Posted on December 18, 2014 by Matt Pressman
The “holy grail” for Tesla has been the promise of an all-electric vehicle for the masses. This vehicle, the Tesla Model 3, has a target price of $35,000 with a 200-mile range – therefore making a Tesla affordable to a much larger “mass” market segment. Along with battery cost reductions, it has been argued that a key factor to produce an affordable mass market all-electric vehicle is a breakthrough in battery technology which would increase vehicle range.
However, this week, there is exciting news that might help accelerate progress for Tesla and its Model 3. And, it has nothing to do with battery advances. It has to do with… aluminum. Huh? That’s right. Tesla is one of the few car companies that uses a (virtually) all-aluminum chassis in it’s construction of the Model S. The vast majority of car companies use steel. Steel is much heavier than aluminum and doesn’t have the strength and safety capabilities of aluminum.
According to Alcoa, Tesla’s aluminum supplier, “Aluminum reduces the overall weight of Model S to help maximize efficiency and range… aluminum is used to form the structural aspects of the car and the outer panels, doors, hoods and trunk. Practically all visible metal on Model S is aluminum.”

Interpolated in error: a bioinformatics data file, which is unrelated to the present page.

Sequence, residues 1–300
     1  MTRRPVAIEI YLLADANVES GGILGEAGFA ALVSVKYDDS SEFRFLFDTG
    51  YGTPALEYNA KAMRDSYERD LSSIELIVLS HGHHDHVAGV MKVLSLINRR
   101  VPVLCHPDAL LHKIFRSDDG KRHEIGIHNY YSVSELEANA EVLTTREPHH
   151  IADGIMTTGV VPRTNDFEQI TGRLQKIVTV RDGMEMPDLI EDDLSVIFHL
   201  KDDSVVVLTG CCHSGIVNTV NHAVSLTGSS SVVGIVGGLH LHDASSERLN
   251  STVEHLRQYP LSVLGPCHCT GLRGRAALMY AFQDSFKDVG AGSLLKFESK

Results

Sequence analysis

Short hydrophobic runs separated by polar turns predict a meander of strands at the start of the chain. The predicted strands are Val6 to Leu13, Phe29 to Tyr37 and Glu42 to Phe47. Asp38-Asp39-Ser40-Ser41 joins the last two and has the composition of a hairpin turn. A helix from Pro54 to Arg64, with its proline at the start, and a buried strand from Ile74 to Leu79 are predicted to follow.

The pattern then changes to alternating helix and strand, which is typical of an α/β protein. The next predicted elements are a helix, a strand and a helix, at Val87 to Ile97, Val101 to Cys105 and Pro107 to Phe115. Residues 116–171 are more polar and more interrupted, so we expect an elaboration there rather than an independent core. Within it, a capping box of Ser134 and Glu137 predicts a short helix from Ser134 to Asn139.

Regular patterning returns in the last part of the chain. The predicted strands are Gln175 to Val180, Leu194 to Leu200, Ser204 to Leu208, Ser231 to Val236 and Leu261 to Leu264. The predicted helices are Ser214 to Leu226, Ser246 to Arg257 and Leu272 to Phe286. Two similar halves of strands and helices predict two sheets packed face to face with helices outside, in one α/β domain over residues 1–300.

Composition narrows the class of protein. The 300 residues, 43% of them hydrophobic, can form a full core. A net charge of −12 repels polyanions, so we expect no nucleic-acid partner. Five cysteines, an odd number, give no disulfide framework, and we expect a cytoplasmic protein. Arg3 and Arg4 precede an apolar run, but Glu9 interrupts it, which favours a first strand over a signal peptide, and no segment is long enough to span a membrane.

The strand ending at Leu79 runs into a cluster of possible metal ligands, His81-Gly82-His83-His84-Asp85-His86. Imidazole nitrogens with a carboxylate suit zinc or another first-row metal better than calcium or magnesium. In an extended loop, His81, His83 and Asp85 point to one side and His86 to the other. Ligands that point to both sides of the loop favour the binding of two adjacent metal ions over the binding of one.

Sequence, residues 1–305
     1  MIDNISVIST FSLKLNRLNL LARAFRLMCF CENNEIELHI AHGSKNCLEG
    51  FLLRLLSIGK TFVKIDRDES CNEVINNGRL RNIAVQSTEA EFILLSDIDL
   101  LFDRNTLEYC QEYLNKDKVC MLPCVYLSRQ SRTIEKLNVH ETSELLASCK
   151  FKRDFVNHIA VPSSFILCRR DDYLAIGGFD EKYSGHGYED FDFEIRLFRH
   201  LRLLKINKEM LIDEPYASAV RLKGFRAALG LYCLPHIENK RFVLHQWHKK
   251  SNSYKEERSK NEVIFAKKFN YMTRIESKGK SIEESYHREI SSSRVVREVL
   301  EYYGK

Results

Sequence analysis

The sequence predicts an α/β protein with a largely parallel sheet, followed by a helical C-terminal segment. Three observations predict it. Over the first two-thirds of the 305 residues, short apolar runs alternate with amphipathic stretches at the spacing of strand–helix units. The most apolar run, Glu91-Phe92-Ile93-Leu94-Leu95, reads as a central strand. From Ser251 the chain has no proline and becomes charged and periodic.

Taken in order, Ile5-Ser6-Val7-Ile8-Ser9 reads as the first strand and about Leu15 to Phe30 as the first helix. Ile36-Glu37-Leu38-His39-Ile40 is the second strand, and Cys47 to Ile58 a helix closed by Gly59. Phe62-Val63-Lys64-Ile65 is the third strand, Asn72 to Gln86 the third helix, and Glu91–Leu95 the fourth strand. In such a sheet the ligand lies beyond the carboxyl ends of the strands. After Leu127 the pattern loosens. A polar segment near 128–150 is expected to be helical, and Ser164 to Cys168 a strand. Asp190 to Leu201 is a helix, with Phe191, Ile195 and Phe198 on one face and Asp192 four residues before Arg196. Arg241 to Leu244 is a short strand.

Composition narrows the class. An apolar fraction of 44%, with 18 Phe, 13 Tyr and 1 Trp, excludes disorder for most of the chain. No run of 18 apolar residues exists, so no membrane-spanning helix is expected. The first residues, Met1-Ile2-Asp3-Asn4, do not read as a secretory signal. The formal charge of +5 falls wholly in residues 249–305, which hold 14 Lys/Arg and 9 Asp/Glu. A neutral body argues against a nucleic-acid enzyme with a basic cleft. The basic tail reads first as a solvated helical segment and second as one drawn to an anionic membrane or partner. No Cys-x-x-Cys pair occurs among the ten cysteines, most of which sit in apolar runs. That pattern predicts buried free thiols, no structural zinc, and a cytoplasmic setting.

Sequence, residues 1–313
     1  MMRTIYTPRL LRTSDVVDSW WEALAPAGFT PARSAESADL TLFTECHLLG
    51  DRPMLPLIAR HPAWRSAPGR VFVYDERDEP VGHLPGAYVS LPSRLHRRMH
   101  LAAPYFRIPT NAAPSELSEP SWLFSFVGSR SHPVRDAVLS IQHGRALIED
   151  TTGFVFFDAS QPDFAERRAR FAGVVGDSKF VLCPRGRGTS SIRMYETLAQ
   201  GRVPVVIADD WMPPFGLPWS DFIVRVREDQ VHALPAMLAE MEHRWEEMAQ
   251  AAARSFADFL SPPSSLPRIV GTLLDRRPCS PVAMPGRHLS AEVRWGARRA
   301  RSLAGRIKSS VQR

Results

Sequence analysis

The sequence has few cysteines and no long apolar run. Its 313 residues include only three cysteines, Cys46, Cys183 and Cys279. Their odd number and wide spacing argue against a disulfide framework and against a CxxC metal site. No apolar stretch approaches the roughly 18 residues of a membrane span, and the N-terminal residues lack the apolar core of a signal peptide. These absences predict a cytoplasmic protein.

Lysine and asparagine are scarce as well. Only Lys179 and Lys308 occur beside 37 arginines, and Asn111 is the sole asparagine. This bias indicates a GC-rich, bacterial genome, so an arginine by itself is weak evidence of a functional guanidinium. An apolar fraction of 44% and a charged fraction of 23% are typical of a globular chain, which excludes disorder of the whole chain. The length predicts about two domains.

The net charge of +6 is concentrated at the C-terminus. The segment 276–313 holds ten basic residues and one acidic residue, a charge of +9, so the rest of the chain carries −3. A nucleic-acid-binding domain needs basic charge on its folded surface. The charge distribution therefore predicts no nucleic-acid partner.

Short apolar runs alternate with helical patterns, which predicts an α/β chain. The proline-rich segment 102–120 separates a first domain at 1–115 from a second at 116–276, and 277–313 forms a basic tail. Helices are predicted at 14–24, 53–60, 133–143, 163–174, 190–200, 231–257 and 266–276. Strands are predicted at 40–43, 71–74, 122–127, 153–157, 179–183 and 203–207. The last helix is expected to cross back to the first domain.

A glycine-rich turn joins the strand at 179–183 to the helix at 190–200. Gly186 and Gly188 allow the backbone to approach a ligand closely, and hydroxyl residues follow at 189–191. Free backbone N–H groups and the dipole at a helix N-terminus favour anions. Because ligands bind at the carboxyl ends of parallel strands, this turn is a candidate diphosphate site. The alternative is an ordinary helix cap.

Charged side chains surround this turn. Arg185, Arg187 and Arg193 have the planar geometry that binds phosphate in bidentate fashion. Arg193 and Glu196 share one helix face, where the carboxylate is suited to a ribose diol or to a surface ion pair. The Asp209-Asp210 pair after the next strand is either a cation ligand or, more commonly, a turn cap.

Above: a closer look at the aluminum-intensive underpinnings of the Tesla Model S
And, this week Alcoa announced a key breakthrough which could radically improve aluminum for automotive manufacturing purposes.
According to Design News, Alcoa’s new patented “Micromill” process will yield an alloy made for automotive applications which is 40% more formable and 30% stronger than the aluminum alloys being used in automotive applications today while also retaining the necessary surface quality for exterior panels. More formability means the material will be easier to shape into complex forms, such as fenders and inside door panels, usually manufactured in steel. More strength also means better resistance to dents and therefore thinner, lighter automotive sheet. Compared to high-strength steel, the new alloy is twice as formable and 30% lighter.
Less weight would result in increased vehicle range for Tesla. And, along with better performing materials, it’s also possible that the overall cost could be much lower if it can be produced faster, in less space, and with less energy as evidenced in this video below.